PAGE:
Webber was probably at his most competitive of 2013 in Japan and without Grosjean’s rocket start he may have romped to victory. The three-stop strategy put him on the back foot and he was unable to bridge the gap to Vettel by the end of the lap. Sebastian’s early laps were scruffy, but his pass on Grosjean was a race-winning move.
Despite getting the upper hand in qualifying, Massa was unable to drive a perfect race. A drive-though penalty put an end to any hopes of beating Alonso on-track and while Fernando was best-of-the-rest behind the leading Renault-powered cars, Felipe scored only one point.
Jenson got the upper-hand in qualifying and the pair did well to fight cleanly at the few times they came upon each other on track. With Ricciardo only five points behind Perez in the standings, McLaren need to do something in order to finish ahead of the STR driver.
Grosjean was the star of the race. Fourth in qualifying translated to the race lead by the first corner and while he was pushing for the victory Raikkonen was unimpressive in the middle order. Romain really needed these results earlier in the season.
Lewis qualified ahead, but less than two tenths separated third and sixth on the grid. A start-line incident with Vettel’s front wing started a reaction that would put Hamilton out of the race on lap 7 and while Rosberg didn’t set the world on fire, he did bag four more points than his team-mate.
Hulkenberg was on it again in Japan, but Esteban showed he’s not all as bad as his results might have suggested six months ago. Holding up the faster cars was on Nico’s agenda for the second weekend in a row and while he wasn’t able to do it to such a degree as was shown in Korea, he made an impression once again. Somebody give the man a top drive.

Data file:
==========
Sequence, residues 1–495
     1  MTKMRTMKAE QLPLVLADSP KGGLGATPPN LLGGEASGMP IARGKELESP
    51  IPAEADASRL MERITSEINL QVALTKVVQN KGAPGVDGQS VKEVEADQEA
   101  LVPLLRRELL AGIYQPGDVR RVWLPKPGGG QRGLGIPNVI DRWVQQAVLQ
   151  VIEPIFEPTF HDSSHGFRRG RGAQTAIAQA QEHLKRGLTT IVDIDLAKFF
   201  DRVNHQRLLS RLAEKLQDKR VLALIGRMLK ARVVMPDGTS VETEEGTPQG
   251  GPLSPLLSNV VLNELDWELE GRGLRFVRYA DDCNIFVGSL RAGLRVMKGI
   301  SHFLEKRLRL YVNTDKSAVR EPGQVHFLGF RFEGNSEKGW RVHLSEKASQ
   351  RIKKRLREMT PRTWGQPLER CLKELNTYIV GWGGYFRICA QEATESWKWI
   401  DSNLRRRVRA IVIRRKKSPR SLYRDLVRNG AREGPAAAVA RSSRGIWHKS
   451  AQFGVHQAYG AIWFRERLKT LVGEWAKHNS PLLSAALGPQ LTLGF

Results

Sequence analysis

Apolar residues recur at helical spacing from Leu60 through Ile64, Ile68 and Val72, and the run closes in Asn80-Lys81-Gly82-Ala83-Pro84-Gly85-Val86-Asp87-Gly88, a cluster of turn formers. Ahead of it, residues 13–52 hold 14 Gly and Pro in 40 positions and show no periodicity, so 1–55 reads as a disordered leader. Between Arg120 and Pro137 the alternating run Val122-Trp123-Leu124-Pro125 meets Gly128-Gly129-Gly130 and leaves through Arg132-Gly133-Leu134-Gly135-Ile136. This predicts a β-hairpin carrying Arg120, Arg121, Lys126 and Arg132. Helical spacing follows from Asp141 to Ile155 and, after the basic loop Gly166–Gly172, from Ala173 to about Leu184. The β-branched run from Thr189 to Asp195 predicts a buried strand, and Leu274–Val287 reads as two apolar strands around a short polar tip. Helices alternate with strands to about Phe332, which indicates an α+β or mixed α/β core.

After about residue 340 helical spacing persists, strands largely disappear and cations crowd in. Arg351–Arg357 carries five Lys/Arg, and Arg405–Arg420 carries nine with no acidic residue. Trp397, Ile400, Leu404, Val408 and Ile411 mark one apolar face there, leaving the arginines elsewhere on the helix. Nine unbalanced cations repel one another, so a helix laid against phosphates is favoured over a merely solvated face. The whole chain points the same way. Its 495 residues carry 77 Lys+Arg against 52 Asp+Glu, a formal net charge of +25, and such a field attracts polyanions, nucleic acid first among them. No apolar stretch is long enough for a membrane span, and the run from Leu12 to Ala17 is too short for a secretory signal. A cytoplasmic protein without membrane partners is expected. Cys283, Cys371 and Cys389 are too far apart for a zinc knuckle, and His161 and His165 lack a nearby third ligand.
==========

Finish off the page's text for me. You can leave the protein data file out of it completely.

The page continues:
Another miserable result for the Force India boys – but at least they made it to the chequered flag this time. The pair struggled for pace all weekend and it was no surprise to see them do much the same on Sunday. The team scored 59 points in the first eight races until the tyre switch and have scored a mere three since the change. Frustration must be at an all-time high in the team’s factory.
A last-bid dive at the chicane may have left Bottas frustrated with his team-mate’s attitude, but when you’re fighting for 16th and 17th the best you can hope to achieve is finishing ahead of the guy who parks his car next to yours. For sheer commitment all the way to the flag I have to give the point to Pastor.
Ricciardo was flying all race and could very easily have scored solid points but for a drive-through penalty. The Australian vented his frustration over the radio shortly after his penalty was announced and his unhappiness is understandable – by the time the stewards had decided his move was illegal the Toro Rosso driver was five places ahead of di Resta. A quick call to Charlie Whiting could’ve resolved the issue in moments. Despite the penalty he recovered to finish only a couple of seconds behind his team-mate, but being faster on track counts for little unless you can maximise your opportunities.
Van der Garde went out at the first corner and Pic was forced to serve his drive-through penalty in the opening laps. Not Caterham’s most satisfying day.
Chilton was the star of the bottom teams in qualifying, outpacing both Caterhams and his team-mate in Q1. The Brit managed to keep it out of the gravel and away from the walls to finish his first Japanese Grand Prix, something Bianchi can’t claim to have managed.